Bill Hays wrote me this email:
Just popping in to say hi and ask for some advice on beginning blogging. I
know nothing about it and had to look it up in a dictionary. I have really
enjoyed yours and the idea of sharing thoughts with others is enticing. Not
sure how much criticism I can take, though. I'm sure you get your share.
How does it all work? Like I have the time to work on it...I'm hoping it
might encourage me to keep away from the TV when I travel (usually 3 or 4
days/wk.) Can you give me some links to "How to...". Do you have a favorite
For those interested, I thought I would go ahead and post my reply to Bill:
I can tell you what little I know... I'm still a novice myself.
A couple of interesting articles on blogging:
That last article discusses RSS feeds which, to me, is really at the heart of blogging. These allow you to keep track of blogs and read them easily... Making blogdom very efficient.
If you are not familiar with RSS feeds, I suggest that you get a RSS news aggregator and begin seeing how they interface with blogs. You can use a free online-based one at www.bloglines.com or download a trial software-based one from www.feeddemon.com (I know... Not-so-great name). I have personally settled in at bloglines and have been happy with it.
The point of understanding how news aggregators collect blog info and let you read it is because you definitely want to set up a blog that allows others to "feed" off of your posts by providing an RSS feed from your website.
Now, if that sounds difficult, it's not if you want to use the most user-friendly blog software out there... Which is what I use: www.typepad.com.
This is the easiest, user-friendly way to set up a blog that I know of. The only downside is that there is a small monthly fee for their services. But they make setting up a blog, as well as the RSS feed, simple.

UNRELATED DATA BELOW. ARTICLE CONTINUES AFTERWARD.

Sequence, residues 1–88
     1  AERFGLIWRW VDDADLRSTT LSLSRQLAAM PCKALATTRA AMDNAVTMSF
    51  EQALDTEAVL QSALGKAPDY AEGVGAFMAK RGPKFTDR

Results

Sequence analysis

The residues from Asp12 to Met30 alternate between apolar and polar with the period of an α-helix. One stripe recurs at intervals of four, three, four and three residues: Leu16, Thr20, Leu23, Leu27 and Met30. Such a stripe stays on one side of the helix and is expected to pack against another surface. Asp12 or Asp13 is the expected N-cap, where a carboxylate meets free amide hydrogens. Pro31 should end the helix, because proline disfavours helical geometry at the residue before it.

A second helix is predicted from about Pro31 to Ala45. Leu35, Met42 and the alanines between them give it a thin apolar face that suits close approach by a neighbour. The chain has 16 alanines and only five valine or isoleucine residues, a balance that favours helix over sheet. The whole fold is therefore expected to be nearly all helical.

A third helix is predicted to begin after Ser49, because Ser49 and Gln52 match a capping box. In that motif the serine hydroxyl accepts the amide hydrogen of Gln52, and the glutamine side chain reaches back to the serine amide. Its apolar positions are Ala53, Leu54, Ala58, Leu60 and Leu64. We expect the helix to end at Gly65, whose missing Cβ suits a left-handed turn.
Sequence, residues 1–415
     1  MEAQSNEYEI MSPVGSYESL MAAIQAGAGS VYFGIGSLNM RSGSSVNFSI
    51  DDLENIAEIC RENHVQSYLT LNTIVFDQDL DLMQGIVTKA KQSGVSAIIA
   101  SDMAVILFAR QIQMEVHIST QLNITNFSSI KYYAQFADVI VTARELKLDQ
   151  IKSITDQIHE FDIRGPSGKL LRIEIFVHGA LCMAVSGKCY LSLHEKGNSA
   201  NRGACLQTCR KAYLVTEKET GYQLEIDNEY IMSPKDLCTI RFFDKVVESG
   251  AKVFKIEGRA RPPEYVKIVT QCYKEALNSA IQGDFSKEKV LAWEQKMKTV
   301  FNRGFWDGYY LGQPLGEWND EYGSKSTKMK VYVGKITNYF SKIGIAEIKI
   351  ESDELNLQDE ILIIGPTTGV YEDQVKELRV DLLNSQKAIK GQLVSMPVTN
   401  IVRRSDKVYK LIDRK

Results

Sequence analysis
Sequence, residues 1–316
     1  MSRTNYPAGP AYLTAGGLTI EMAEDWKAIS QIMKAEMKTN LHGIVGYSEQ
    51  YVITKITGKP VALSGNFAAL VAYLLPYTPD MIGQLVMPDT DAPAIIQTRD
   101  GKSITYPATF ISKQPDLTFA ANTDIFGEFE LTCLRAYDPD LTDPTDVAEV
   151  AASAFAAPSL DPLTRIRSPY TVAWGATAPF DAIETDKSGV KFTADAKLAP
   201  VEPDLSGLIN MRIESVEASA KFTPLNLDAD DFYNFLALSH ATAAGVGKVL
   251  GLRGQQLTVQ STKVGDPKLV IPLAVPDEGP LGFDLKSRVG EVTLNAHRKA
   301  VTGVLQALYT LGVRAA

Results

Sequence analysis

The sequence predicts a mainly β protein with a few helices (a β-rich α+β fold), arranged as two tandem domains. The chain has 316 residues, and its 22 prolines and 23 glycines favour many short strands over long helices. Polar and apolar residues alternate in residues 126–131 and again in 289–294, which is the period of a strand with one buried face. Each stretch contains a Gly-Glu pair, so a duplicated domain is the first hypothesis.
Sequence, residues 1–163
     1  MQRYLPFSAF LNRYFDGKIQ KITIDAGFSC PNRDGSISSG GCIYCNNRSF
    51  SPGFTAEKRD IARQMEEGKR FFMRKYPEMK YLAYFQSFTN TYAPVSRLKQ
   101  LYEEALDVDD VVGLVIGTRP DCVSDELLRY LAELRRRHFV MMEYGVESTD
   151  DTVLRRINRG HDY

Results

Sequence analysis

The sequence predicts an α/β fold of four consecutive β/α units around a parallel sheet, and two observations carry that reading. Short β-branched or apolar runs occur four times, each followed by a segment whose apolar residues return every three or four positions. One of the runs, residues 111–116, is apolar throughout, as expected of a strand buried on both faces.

The other, most commonly used blog set-up sight is www.blogger.com. Since I don't use this one I can't tell you much about it other than I believe it is free-- a definite benefit. Many people seem to be happy with what they provide.
If you are very, very techy, you can become much more sophisticated and learn how to create blogs using many, many different web-building tools. But I'm not the one to help anyone with the fancy tech stuff. Frankly, the reason that blogs are becoming "mainstream" is because sites like the ones mentioned above have given us "ordinary" computer people access to the technology.
There are many, many other places to get info on blogs: www.jordoncooper.com has a large variety of great blogging material and he also keeps current on blogging info.
I hope this is a help.
I should mention, by the way, that typepad.com-- the provider that I use-- does make it easy to post blogs via email (you mentioned that you might be writing from the road). I assume others have the same capability but you may want to check that out before setting your blog up.
I think I'll post this info on my websites... Blessed Blogging To You, Roger